“Years of plead, behind the walls / Chambers and vaults, scenes of fright” : Much like “Angel Of Death” did for Slayer, the first track from Celtic Frost's 1984 debut album Morbid Tales, “Into The Crypts Of Rays” served as a mission statement for what Celtic Frost brought to the table, leading off an album that would serve as an influential template for the evolution of the genres of death metal and black metal. The song also served to tell the tale of Gilles de Rais, who is estimated to have murdered anywhere between 80 and 200 children while fighting alongside Joan Of Arc in the 15th century. Despite a confession being on record, there are some that had claimed that Gilles was framed for political reasons due to his growing involvement with the occult. What is not in dispute is that Celtic Frost's landmark album helped lay the blueprint for sounds explored by many bands within the underground metal scene for years to come.

Church Of Misery – “Megalomania (Herbert Mullin)”

“Earthquake will come here California / No one can stop disaster but I'm the only one”: One of two bands on this list whose entire output consists of songs inspired by the acts of serial killers (we'll get to the other in a minute — that entry here is a doozy), Tokyo's Church Of Misery penned this ode to one of the more fantastically paranoid serial killers profiled via song on their 2001 album Masters Of Brutality. Herbert Mullin was a delusional California man that was told by voices that a major earthquake was on its way, but that he could stop it by committing murderous sacrifices. Mullin at one point blamed drug use for the problems that led him to murder thirteen people in the early 1970s. Church Of Misery's sludgy and dirty Sabbath-y tale of his madness sounds equally as inspired by a love of the drugs. I am glad they are making music instead of murdering people, and hope they continue that trend for years to come.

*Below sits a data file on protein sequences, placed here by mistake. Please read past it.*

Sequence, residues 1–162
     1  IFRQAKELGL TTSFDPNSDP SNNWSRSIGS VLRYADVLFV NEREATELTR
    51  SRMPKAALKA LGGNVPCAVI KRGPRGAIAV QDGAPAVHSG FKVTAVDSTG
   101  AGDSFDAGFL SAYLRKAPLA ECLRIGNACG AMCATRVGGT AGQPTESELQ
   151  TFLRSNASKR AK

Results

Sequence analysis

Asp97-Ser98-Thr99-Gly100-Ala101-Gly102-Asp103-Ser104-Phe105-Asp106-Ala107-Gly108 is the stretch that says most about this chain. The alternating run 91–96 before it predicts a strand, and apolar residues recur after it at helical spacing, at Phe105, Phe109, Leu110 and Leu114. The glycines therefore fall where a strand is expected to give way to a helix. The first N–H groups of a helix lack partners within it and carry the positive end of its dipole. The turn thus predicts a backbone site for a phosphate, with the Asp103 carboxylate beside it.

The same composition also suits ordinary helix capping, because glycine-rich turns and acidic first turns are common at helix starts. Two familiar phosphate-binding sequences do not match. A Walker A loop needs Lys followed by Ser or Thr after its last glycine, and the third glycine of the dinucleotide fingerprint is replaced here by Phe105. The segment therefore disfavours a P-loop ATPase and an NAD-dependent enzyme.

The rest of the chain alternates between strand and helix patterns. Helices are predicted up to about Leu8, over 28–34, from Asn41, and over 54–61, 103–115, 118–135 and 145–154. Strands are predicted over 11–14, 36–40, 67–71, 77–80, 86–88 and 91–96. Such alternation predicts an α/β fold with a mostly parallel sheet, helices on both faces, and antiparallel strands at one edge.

Macabre – the entire Dahmer album

“When Jeffrey was a boy / He didn't like his toys / Instead he'd dissect roadkill / Because that's what he enjoyed” : This album is the reason why this list is technically a “Top 30” list. The rest of the bands profiled here have told tales about bad people that have done things that are very undesirable to even contemplate. However, Chicago-metallers Macabre are the only ones of this list to make you laugh about those bad people too (and man do I feel guilty about it after I think about it for a few minutes). Much like Church Of Misery, Macabre also specializes in songs about serial killers. However while Church Of Misery goes for the seedy underbelly and the sound of doom, Macabre adds a little bit of whimsy to the mix. At times resembling like a death metal musical, Macabre's 2000 album Dahmer consists of 26 tracks that tell the life story of Milwaukee's cannibalistic contribution to serial killer lore, Jeffrey Dahmer, from life to death. It is a more complete and more compelling (and definitely more humorous) telling of Dahmer's tale than the shitty 2002 film of the same name that pay-TV movie channels have been tricking viewers into watching because it stars future action-hero Jeremy Renner (The Hurt Locker), despite having a shorter running time by 45 minutes.

I'm sure there are many songs out there that you feel I may be slighting here. Anytime before or after seeing Children Of Bodom Friday night at the House Of Blues in Hollywood (with openers Devin Townsend Project, Obscura, and Septicflesh), feel free to use the space below to let us know the songs that you feel deserve to be on this list and why.

And given the subject matter of the second half of this blog post, I guess there are a lot worse things that can happen on a night out than strange run-ins with celebrities and a false alarm regarding stolen property.

LA Weekly